Anyway, she brought him home one night to have dinner with Mother and Father and me, and you could have knocked me over with a feather. Here I’d been flirting with every man who came into the bakery, while mousy little Yvonne bent her head over her books, and she’d found a man all by herself.


So Yvonne brings this man home, this shy, gawky man who spent a year trying to get up the courage to say hello, and we all sat in the parlor and looked at him. And I’ll tell you, he was handsome. He had these big eyes, like a doe, and his legs were so long, they stretched way out to the center of the room. But I watched him and Yvonne watching each other, two little mice peeping out of their holes, and I thought this boy needs a woman who will turn him into something. Someone lively and bold, not timid like Yvonne. I looked at their future together, and I saw a lifetime of quiet nights, sitting side by side, waiting to see which one of them would gather the courage to say, “Would you like milk in your tea?” Reading books together—that’s exactly the kind of thing they would have done. It made me want to yawn. This Stephen, he needed a woman who could teach him how to have fun, a woman who wasn’t afraid to speak her mind. Stephen and I were meant to be together, I could see it right away. Didn’t we deserve some happiness? And what would Yvonne do with a man like that, anyway? Yvonne had her studies, her solitary pursuits. She was always happiest on her own. And so, for the sake of us all, I set out to save Stephen from Yvonne.

It was harder than I expected. He had become quite enamored of her, for reasons I never could quite imagine. I tried all the more subtle forms of flirtation—never were more gloves dropped in a young man’s path, never were a young lady’s shoulders more often proclaimed to be chilly—but they went right over his head. And then one day, I got a little help from fate. The three of us were supposed to go to a nearby lake together for a picnic—by this point, I’d insinuated myself into most of Stephen and Yvonne’s activities—but Yvonne got sick and couldn’t go. Stephen was all ready to cancel the whole thing, but I put on a sad face and told him I’d spent all morning in the kitchen, cooking up my special deviled eggs, and why couldn’t the two of us have a nice day? And Yvonne, predictably, took my side and told us to go and have a good time. Really, that woman never knows when to stand up for herself. So Stephen and I went to the lake ourselves, and I made sure we found a nice, secluded spot. We spent the afternoon sitting in the shade of a lovely weeping willow tree, and we just had a wonderful time, talking and laughing. Later, Yvonne would ask me how I could do such a thing to her, but at the time, it didn’t feel like Yvonne had anything to do with it at all. We were falling in love, that’s all there is to it. I’d sneaked some of Father’s whiskey into the picnic basket, and neither Stephen nor I was much of a drinker, so we both got a bit tipsy, and when a sudden thunderstorm forced us to take shelter in the backseat of his car, we just did what came naturally. Our love was a force of nature, I always said.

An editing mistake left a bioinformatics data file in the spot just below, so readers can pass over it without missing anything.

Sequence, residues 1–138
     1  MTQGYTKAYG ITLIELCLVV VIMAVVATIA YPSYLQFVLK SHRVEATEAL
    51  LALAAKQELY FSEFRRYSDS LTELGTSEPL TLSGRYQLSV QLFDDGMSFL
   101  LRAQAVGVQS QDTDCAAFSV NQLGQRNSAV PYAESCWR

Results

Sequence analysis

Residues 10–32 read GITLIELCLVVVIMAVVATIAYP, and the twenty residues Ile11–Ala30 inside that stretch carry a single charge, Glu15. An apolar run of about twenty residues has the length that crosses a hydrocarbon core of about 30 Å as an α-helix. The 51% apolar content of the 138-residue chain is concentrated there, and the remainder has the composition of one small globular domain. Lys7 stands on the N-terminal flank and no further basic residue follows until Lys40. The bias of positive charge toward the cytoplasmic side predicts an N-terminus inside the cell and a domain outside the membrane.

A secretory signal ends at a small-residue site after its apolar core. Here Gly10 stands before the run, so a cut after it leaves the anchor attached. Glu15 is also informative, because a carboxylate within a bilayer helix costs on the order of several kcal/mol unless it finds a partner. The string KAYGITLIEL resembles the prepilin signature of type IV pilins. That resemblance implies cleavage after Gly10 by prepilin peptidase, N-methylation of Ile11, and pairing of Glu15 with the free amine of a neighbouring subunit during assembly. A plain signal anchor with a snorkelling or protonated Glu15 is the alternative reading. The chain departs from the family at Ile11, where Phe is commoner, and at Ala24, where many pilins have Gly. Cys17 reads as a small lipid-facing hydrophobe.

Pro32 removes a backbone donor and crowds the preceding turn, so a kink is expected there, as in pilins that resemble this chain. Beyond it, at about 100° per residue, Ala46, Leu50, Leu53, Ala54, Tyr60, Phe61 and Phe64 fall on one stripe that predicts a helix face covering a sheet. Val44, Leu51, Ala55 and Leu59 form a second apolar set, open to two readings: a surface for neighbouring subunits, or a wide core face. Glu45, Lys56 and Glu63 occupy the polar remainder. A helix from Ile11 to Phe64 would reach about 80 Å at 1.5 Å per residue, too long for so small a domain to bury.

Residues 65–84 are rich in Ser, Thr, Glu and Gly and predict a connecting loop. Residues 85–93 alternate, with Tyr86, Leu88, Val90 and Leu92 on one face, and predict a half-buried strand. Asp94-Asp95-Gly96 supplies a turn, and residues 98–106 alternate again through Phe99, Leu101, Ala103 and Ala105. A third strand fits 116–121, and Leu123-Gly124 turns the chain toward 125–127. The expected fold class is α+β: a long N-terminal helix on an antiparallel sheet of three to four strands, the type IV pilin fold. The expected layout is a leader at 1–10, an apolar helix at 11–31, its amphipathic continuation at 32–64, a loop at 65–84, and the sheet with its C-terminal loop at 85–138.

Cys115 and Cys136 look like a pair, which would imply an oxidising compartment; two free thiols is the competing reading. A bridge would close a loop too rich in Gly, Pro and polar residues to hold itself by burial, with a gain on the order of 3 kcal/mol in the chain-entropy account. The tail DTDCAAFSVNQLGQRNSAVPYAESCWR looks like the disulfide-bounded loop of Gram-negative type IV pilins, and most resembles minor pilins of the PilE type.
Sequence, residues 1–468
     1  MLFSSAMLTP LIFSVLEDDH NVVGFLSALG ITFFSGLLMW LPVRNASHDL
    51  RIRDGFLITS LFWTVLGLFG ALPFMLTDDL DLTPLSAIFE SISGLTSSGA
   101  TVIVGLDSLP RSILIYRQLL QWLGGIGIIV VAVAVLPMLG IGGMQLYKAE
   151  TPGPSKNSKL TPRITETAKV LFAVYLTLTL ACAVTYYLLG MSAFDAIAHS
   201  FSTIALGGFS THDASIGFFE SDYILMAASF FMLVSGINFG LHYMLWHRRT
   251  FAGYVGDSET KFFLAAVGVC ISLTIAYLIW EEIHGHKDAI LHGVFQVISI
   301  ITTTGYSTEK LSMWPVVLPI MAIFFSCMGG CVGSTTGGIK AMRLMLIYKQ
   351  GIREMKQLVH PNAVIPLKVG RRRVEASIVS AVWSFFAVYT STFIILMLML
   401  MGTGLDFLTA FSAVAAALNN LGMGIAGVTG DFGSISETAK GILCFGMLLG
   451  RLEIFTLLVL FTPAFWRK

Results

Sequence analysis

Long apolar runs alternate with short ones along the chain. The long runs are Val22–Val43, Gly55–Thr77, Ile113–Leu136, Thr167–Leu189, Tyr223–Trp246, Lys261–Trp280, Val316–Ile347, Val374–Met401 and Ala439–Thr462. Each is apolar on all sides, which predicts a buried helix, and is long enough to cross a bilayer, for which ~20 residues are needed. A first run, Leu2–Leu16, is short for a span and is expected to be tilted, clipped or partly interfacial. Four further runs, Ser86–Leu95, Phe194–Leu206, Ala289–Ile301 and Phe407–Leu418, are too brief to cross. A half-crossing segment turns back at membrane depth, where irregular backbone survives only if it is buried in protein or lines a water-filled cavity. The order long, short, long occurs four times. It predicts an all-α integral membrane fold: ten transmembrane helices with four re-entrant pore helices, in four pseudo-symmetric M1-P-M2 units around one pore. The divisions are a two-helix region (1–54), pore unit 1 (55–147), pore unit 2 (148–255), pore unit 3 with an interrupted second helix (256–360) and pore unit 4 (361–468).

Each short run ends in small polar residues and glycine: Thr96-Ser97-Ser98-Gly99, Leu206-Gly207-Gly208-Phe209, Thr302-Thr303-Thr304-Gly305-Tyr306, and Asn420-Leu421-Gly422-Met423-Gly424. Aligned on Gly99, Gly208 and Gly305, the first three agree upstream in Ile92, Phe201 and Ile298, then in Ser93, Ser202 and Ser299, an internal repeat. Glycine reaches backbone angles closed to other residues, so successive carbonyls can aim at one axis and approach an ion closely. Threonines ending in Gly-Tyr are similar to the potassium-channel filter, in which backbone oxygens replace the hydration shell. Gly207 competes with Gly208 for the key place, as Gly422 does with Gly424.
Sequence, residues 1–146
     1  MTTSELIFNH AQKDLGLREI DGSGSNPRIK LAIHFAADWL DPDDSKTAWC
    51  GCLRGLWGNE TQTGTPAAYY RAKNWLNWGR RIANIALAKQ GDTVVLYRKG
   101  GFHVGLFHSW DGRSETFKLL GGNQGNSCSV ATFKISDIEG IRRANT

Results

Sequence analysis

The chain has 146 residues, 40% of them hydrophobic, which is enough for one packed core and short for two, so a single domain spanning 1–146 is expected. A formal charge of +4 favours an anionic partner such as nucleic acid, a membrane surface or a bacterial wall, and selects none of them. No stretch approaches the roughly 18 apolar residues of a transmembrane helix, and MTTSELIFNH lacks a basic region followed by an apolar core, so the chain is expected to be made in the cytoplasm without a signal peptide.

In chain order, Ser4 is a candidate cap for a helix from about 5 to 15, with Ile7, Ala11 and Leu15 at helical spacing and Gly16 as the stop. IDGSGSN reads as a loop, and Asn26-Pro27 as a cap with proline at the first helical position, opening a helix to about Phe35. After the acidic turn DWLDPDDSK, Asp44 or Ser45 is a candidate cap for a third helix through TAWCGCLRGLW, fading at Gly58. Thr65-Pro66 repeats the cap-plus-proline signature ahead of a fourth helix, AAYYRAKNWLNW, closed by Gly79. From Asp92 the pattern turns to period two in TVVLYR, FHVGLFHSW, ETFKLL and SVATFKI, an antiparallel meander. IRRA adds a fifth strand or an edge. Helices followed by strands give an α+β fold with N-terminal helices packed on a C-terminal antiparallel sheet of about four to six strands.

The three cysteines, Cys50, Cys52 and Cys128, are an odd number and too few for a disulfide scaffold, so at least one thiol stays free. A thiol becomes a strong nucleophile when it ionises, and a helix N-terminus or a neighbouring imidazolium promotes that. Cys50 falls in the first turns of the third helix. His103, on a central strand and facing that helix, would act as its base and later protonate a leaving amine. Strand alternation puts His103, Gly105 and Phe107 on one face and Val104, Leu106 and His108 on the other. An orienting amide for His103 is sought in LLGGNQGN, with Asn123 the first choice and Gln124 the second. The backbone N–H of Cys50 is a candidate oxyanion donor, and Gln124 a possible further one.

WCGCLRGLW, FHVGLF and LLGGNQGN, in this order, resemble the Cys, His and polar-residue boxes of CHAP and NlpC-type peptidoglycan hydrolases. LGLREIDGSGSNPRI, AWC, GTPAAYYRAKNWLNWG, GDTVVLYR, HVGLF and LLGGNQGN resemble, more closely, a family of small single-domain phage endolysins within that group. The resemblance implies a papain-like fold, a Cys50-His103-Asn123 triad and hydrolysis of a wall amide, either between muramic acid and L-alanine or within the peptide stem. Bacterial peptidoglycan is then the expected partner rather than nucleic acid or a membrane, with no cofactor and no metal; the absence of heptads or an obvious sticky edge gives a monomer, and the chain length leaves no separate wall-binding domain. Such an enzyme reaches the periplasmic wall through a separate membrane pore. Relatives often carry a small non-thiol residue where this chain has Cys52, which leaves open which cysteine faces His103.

Of course, there were tears and accusations, but a month later, when I told Stephen I was pregnant, it just seemed like it would be for the best if the two of us got married. And by the time I realized that I’d gotten my dates confused and I wasn’t pregnant at all, we were already back from our honeymoon.